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Predation. One species benefits, the other incurs a cost; also herbivory & parasitism. Important in adaptive evolution: predator and prey adaptations. Orcinus orca calls. Phoca vitulina response (most common prey). Predator (usually silent).

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R. W. Baird

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R w baird

Predation. One species benefits, the other incurs a cost; also herbivory & parasitism. Important in adaptive evolution: predator and prey adaptations.

Orcinus orca calls

Phoca vitulina response (most common prey)

Predator (usually silent)

Changes in number of seals visible at the surface

Distance of nearest seal to playback source

Familiar non-predator (frequently vocal)

Unfamiliar non-predator (frequently vocal)

Nature 2002

R. W. Baird

pages 1178-1179

Plant defenses against herbivory.

Also important in shaping communities.

K. Starks


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Mutualism.Both species benefit from the interaction. Some are obligatory: both species cannot persist without the other; others are facultative: the association is nonessential. Overlooked as a mechanism in community structure; it may be more significant than either competition or predation.

F

M

Bill

H. bihai

H. caribaea

Flower

H. bihai

H. bihai

H. caribaea

Inflorescence

St. Lucia

H. bihai

H. caribaea

H. caribaea

Inflorescence

Dominica

Science 2003

Also important in adaptive evolution

pages 1180-1181


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SOME questions from February 17th

1- When determining human population growth, do the only consider natural death or all causes?

2- In the barnacle example, are you saying that Balanus is better suited to the environment and that if desiccation was not a problem at the higher water level, they would force out the Chthamalus?

3- Assuming two species occupy the same ecological niche, why couldn’t they both co-exist assuming they were equally fit?


R w baird

Species Interactions

Competition, Predation, Mutualism, Commensalism

[Coevolution: reciprocal evolutionary change in interacting species, ending in some degree of specialization.]

Trophic Structure

Dominant and Keystone Species

Community Control

COMMUNITY STRUCTURE


R w baird

TROPHIC STRUCTURE Feeding relationships between organisms. Describe species interactions.

Food chain- Transfer of food energy all the way until decomposers.

Trophic levels- Links in the food chain. Usually four or five.

Food web- Branching and interconnected food chains.

Fig. 53.10

page 1181


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ANTARCTIC FOOD WEB

page 1182

Fig. 53.11


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FOOD WEB TUESDAY LAKE, MI

Fish

Zooplankton

Phytoplankton

Proc. Natl. Acad. Sci. 18 Feb 2003


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Productivity in holes on tree trunks

Fig. 53.13

What limits the length of a food chain?

Energetic hypothesis. Inefficiency of energy transfer along the chain limits the number of levels.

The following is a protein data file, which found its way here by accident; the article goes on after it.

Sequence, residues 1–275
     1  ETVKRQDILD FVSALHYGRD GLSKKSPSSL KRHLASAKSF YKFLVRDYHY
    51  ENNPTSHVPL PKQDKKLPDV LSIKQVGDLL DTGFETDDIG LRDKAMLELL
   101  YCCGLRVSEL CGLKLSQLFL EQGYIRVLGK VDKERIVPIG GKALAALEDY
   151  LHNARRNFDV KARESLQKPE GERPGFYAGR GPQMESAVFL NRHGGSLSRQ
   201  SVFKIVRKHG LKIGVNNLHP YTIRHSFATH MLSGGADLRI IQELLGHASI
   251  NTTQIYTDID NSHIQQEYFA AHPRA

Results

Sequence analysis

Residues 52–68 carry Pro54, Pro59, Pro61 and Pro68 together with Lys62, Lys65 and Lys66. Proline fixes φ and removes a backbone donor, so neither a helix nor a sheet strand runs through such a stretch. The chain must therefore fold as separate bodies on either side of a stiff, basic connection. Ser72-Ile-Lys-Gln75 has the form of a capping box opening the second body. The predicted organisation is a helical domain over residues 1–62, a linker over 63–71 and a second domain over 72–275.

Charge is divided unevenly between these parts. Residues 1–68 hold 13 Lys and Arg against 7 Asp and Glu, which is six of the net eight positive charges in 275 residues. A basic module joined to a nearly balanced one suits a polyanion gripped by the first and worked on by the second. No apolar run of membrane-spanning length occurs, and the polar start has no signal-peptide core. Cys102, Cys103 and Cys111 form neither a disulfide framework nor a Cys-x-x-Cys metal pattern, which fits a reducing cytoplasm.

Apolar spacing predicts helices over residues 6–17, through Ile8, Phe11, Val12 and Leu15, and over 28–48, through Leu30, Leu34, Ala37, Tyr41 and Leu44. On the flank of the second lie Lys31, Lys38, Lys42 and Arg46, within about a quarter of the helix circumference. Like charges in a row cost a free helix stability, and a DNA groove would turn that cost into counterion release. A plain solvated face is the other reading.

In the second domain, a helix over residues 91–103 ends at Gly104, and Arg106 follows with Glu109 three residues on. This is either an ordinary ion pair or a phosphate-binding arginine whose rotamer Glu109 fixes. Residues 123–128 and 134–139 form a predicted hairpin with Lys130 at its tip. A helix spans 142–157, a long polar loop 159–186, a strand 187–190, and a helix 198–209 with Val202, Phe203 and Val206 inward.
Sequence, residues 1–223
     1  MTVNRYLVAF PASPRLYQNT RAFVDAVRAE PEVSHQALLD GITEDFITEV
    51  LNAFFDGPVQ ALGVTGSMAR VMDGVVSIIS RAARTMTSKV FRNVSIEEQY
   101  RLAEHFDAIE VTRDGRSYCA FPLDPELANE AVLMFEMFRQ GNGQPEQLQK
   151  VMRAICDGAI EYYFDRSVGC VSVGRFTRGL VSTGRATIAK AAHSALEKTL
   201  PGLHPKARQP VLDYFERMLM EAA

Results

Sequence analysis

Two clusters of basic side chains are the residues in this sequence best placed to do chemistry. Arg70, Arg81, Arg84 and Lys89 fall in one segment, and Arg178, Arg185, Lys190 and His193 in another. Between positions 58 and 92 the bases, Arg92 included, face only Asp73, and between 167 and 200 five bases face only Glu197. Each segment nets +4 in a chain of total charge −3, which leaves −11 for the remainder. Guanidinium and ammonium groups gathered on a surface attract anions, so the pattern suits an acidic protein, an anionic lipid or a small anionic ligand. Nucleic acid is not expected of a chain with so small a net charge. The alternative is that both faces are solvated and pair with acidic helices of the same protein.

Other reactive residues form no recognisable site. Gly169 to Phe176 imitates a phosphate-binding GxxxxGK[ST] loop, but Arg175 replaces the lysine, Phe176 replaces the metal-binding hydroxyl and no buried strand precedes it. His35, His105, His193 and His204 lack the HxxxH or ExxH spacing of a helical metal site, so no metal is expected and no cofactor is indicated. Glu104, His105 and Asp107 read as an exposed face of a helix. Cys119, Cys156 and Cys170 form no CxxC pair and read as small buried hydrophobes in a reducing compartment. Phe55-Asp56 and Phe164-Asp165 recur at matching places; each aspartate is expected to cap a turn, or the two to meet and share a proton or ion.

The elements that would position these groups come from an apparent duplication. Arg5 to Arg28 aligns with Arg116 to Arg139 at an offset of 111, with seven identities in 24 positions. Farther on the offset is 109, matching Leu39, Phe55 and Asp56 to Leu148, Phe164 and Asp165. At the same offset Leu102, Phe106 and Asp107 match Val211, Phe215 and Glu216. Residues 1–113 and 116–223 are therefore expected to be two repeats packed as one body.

Dynamic stability hypothesis. Long food chains are less stable than short food chains.

page 1183


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For example, sugar maple and impact on shading and soil and thus forest community.

treeguide.com

Species that control community structure

Dominant species. Have the highest abundance or highest biomass (sum weight of all individuals).

Exert control over the distribution and abundance of other species.

pages 1183-1184


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Keystone species. Exert strong control on community structure by their ecological roles (niches). They are not particularly abundant.

For example, Pisaster ochraceous (ochre sea star) and Mytilus californianus (mussel).

Fig. 53.14

Keystone in wave-exposed sites, not so in wave-protected sites due to low food supply and sand burial.

pages 1184-1185


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Top-down model of regulation of community structure

pages 1185-1186

western Alaska

Science 1998


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Examples of changes in community structure regulated by predators

Bioscience 2005


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Bottom-up model of regulation of community structure

Mar. Ecol.

Prog. Ser. 2005

pages 1185-1186


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Oikos 2004


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Disturbance-Data suggest that the norm for most communities IS disturbance and nonequilibrium (constantly changing), rather than stability and equilibrium (species composition relatively constant).

Disturbances are events that damage communities, remove species and alter resource availability.

Fig. 53.17

pages 1186-1188


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Mount St. Helens

1980

1978

ÙSFS

Despite the importance of natural disturbances, humans are the greatest agents of disturbance.

1999

1981


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Ecological succession- Transitions in species composition over ecological time.

Primary succession- Begins in a virtually lifeless area where soil has yet not formed (new volcanic island or rubble left by retreating glaciers).

Glacier Bay, Alaska

Spruce butting in: 80-200 yrs.

Alder, cottonwoods: 30-80 yrs.

Spruce and hemlock: 200-300 yrs.

Secondary succession- Occurs where an existing community has been cleared by some disturbance that leaves the soil intact.


R w baird

Secondary succession- Occurs where an existing community has been cleared by some disturbance that leaves the soil intact.

Yellowstone

One year later


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